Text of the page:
Naturally, each of the three cover versions for Eileen’s book seemed perfect to me at the time, but in the end the one you see at the left worked best – and will be on the book. As a completely objective and nonpartisan observer, I can say: watch for it.

[Update, Jan. 16: I just sent the book to the printer today. Publication date: March. Typeface: Dolly Pro.]

Structured writing for the web

Published

At the end of June, at the Ampersand conference in Brighton, Gerry Leonidas gave a shout-out to an early version of the prospectus for Scripta (“Typographic Think Tank”) in his talk. I had somehow missed this until Tim Brown mentioned it in an e-mail recently inquiring about Scripta. I can highly recommend Gerry’s talk, and not only because he quotes me (7:07–7:49 in the video). Although he starts out with a disclaimer that “this is a new talk” and he’s not sure how well it will hang together, in fact it’s extremely coherent; Gerry is both articulate and thoughtful about the wide range of questions (and, rarely, answers) involved in typography on the web.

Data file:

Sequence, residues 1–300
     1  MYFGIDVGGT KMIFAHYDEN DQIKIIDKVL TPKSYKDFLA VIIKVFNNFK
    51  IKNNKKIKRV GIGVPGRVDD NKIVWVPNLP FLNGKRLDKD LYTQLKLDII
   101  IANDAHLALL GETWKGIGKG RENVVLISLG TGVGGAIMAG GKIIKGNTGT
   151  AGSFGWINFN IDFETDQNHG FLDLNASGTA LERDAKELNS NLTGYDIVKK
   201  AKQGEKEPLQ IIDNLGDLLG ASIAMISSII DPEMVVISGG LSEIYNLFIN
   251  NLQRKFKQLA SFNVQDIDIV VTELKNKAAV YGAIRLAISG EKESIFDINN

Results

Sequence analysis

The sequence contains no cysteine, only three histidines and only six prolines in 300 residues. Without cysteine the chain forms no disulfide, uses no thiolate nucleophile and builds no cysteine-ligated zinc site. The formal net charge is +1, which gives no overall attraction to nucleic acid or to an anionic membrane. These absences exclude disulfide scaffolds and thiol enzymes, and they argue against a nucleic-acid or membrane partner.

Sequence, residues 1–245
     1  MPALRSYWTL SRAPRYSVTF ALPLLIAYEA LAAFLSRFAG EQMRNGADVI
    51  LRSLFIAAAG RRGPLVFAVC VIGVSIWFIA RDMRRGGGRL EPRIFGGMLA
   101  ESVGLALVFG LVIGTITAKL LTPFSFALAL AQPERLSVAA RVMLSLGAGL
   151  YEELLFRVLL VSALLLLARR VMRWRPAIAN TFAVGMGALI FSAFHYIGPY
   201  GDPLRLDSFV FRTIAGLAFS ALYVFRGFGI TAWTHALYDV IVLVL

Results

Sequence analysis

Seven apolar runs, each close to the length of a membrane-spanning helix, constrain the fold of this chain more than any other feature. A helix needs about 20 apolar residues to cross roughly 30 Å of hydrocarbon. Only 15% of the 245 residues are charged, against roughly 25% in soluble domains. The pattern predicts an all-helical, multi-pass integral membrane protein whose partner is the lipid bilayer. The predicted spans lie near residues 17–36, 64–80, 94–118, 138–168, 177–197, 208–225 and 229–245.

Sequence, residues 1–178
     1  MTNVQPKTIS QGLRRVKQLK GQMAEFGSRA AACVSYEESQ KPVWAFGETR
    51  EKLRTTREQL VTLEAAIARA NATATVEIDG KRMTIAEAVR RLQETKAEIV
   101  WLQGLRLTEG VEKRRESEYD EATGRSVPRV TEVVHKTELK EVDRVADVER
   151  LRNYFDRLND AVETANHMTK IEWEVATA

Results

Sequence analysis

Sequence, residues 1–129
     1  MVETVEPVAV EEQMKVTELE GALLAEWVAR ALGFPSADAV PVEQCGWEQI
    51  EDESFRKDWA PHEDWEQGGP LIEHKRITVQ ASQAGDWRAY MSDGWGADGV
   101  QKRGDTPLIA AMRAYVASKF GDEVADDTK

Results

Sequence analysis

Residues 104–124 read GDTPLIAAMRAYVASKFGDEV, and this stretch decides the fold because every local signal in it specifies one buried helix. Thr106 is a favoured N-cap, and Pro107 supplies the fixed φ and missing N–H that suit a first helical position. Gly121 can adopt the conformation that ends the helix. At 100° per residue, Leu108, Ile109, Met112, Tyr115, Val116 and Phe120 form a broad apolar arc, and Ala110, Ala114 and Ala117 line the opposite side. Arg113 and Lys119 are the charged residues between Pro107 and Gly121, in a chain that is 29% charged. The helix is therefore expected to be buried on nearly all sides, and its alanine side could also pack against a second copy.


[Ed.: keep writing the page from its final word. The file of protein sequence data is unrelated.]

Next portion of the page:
Gerry used my “wish list” from “Unbound Pages” (in The Magazine last March) as a jumping-off point for his own ideas about the structure of documents and the tools that he wants to see available. He wants tools for writers, not just for designers, that will make it easy to create a well-structured digital document, one that will maintain its integrity when it gets moved from one format to another (as always happens today in electronic publishing). Gerry’s own wish list begins at 20:47 in the video, though you won’t want to skip the entertaining steps by which he gets there.

What he proposes is a way to separate the sequence of information from its relative importance and interrelatedness. “This is what I really want: I want someone to go out there and take Markdown, which I use constantly, and take it from something that clearly has been written to deal with streams of stuff with some bits thrown on the side … and allow me to have this extra intelligence in the content – while I’m writing it – that will tell me how important something is, what sequence it has with other things, and will then allow me to ditch quite a lot of this stuff that is happening there.” The “stuff” he wants to ditch is all the hand-crafted formatting and positioning that makes a digital document cumbersome and difficult to translate from one form to another.